Just because you are retired and perhaps living on a fixed income doesn’t meant that a credit card can’t be a useful tool. Many seniors enjoy the flexibility and convenience of credit cards, although choosing the right one requires some research as you don’t want to accrue excessive debt and be faced with high payments that you can’t really afford when you are meant to be enjoying your golden years.
For many older people, a card that has low fees and rates and is generally easy to use is one of the most important things. Seniors also want good customer service if they call the card company with questions, and we all know how frustrating it can be at times to reach a real person. And although a high credit limit may not be something you want, as a senior with fewer debts and a higher credit score, your card will probably come with a higher limit anyway.
If you have retired, you may be planning on traveling more, in which case a card that offers airline miles may be appealing. However, you should also compare the interest rate, the annual fee if any, and the late payment fees and charges; you don’t want to pay more for a card offering travel rewards that in reality you will hardly ever use. Considering the card’s annual fee, the interest rate and credit limit, and how quickly you can accrue rewards and comparing everything is probably your best approach, and you may have to compromise somewhere.
You may also want to consider whether the credit card can be used to pay for recurring charges and expenses, and what types of purchases you will probably use the card for. A card issued by a specific retailer or store may be the most useful option for you if you plan to use the card primarily to buy your groceries, gas or other everyday expenses from that store.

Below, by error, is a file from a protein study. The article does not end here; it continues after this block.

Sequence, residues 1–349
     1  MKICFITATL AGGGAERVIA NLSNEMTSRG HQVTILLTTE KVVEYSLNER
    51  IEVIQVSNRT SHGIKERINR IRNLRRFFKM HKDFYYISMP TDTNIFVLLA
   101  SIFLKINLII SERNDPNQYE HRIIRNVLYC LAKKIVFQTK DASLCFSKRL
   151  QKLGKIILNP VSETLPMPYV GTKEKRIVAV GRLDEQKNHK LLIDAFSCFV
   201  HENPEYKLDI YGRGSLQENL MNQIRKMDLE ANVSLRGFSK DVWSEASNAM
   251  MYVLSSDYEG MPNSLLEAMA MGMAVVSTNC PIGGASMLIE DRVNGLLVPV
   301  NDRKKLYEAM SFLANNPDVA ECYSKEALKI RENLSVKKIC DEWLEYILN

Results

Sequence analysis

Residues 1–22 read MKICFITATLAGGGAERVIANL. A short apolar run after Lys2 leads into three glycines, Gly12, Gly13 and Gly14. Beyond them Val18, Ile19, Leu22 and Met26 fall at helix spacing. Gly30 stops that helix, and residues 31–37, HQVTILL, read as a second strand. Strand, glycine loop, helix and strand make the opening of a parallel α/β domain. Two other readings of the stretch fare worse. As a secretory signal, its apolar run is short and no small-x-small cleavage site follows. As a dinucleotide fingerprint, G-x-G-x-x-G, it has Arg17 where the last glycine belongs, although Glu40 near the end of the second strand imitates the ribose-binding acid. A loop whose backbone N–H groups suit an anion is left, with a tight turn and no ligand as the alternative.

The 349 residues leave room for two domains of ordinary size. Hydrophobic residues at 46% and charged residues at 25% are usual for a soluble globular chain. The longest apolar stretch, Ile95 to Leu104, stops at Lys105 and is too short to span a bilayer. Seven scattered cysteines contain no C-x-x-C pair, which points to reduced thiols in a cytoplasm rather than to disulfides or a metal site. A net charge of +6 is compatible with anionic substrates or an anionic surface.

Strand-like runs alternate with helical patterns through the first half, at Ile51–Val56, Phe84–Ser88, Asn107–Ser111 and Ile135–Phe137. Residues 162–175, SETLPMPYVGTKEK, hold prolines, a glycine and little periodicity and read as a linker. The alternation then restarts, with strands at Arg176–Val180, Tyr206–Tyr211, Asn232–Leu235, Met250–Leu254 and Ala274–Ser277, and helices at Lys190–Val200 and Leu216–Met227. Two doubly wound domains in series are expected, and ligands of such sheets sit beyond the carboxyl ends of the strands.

While there is no single card that is considered to be the best option for seniors, there are some credit cards that you may want to look at. The Chase Sapphire preferred Visa card partners with 11 hotels and airlines, has no foreign transaction fees, and can be ideal for anyone who wants to travel and can pay off their balance every month. If you don’t care about points and miles, the Simmons Visa card offers a low interest rate and a zero-balance transfer fee. And the Chase AARP card, which to some extent is targeted towards seniors, offers users no annual fee, along with cash back bonus within the first few months.
Of course, as with any financial product or service, you should always read the fine print thoroughly; ask someone else to explain it to you if it just isn’t clear. Make sure the payment process is easy to use, especially if you are one of the millions of older people who still don’t like to use a computer or make payments online.